Could someone give me an example for forwarding port 5900 on an ES450?
I am plugging the ES450 directly into a PC (DHCP) and the internet works but I cannot connect to other computers via VNC. It looks like the device is not allowing traffic out.
I see the option to enable port forwarding, I have enabled it (by the DMZ settings), but that’s where it gets confusing. There is start port, end port, host ip and public port. If I just wanted to open port 5900 what should I use for the above settings?
If anyone was wondering, I am trying to use RealVNC Viewer. I have several other computers running ES450’s with RealVNC Server and I can connect to them from my cell phone (and other computers) without issue. This problem has been isolated to the ES450 with RealVNC Viewer. I literally have changed nothing from the default values.
Thank you for your help.
If you just wanted to forward incoming packets destined for public port 5900 to the Ethernet host machine that’s directly connected to the ES450:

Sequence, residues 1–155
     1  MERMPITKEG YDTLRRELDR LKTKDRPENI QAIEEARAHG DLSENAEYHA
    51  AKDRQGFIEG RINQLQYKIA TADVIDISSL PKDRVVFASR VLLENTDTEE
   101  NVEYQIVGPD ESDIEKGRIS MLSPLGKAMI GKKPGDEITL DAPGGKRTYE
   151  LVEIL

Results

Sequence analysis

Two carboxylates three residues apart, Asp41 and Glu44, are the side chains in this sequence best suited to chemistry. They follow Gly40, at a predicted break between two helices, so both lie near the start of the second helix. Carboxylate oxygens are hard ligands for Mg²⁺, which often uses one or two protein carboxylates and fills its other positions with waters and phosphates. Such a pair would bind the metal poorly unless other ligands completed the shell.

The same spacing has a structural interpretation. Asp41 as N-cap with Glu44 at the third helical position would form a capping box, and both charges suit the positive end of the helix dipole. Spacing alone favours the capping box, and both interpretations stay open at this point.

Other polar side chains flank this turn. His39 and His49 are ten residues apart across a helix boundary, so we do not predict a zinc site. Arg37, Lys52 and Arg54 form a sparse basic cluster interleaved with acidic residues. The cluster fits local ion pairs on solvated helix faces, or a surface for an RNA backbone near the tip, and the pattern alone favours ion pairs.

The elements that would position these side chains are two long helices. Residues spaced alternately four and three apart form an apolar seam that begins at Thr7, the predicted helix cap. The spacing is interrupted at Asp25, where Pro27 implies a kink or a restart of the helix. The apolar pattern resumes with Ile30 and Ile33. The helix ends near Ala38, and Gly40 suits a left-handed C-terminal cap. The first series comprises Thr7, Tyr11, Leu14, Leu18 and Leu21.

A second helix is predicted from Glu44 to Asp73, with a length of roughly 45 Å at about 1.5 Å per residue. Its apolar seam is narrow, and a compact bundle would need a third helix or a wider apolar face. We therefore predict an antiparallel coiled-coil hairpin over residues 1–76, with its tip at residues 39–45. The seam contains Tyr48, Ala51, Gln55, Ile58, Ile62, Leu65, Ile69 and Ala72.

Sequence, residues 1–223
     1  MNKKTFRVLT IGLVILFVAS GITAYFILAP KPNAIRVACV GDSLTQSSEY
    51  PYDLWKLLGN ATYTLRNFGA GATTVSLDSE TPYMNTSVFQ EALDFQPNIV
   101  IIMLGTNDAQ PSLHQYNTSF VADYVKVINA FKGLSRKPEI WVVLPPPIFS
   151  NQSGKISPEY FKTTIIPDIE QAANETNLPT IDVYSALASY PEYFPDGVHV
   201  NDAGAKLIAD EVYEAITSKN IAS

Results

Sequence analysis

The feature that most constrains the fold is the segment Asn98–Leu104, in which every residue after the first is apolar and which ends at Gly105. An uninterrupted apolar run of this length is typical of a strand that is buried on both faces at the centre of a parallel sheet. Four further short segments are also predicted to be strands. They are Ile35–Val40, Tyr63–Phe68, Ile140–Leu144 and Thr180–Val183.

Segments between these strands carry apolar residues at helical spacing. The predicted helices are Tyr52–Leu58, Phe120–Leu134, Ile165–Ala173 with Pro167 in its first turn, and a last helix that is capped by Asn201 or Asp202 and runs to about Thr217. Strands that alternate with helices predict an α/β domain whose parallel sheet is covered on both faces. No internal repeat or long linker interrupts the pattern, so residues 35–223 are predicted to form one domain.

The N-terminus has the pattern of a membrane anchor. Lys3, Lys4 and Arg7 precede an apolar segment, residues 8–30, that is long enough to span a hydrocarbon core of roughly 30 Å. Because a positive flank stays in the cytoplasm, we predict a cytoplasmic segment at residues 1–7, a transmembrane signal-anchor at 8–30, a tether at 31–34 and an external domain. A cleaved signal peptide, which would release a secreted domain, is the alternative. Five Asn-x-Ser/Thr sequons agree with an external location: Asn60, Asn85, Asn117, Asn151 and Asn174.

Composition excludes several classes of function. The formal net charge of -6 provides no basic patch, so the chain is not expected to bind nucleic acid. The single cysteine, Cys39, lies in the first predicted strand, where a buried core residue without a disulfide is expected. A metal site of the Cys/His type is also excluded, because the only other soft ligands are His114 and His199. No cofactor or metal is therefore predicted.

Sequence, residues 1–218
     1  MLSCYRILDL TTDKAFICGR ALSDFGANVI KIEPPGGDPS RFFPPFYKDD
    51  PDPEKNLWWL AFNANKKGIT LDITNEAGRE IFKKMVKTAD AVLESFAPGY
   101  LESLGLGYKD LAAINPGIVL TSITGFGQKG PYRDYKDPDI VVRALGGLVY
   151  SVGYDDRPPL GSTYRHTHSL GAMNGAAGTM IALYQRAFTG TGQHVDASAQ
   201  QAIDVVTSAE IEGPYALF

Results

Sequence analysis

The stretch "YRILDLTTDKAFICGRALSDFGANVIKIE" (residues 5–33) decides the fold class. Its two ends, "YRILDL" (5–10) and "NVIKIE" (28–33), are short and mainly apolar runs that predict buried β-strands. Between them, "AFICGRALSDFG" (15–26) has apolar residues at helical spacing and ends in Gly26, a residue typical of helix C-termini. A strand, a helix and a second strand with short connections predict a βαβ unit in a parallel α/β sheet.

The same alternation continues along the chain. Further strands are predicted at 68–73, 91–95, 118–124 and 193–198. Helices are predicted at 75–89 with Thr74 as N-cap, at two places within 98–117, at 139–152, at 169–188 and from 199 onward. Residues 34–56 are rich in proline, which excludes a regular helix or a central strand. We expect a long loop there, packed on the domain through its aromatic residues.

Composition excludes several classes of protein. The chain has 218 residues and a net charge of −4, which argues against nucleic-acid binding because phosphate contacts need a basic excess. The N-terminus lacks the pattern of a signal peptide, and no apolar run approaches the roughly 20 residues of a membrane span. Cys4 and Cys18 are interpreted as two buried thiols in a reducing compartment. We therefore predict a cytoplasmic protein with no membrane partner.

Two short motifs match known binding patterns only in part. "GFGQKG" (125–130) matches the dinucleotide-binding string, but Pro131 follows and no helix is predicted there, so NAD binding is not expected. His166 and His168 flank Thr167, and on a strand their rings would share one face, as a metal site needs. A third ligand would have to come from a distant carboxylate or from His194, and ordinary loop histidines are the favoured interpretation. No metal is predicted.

- Port Forwarding = Enable
- Public Start Port = 5900
- Public End Port = 5900
- Protocol = TCP, UDP, or TCP & UDP - depending on what VNC uses
- Host IP = The IP address of your Ethernet host machine (eg. 192.168.13.100)
- Private Start Port = The port number used to listen to the incoming packets (can be anything higher than the reserved ports)
Hope this helps!
Is your ISP putting you behind a Large Scale NAT or Carrier Grade NAT? This is the trend, and it breaks everything but simple websurfing. Easy way to find out is to use the Airlink webcontrol panel (ACEMANAGER) to see the public IP address assigned by your modem. Then from a computer behind your modem, do a google search for “what is my IP address” The google results should state your Public IP address as google sees it. Did the google results match the ip address shown in your ACEManager? If not, then you don’t have a traditional internet connection and it will not work the way you expect it to for many applications.
It seems like many of this year’s posts are related to this trend towards Carrier Grade NAT. From what I’m reading, Carrier Grade NAT is being run along side IPv6 on many of the carriers, so the solution is to configure ipv6 on your public facing devices to escape the Nat’d networks.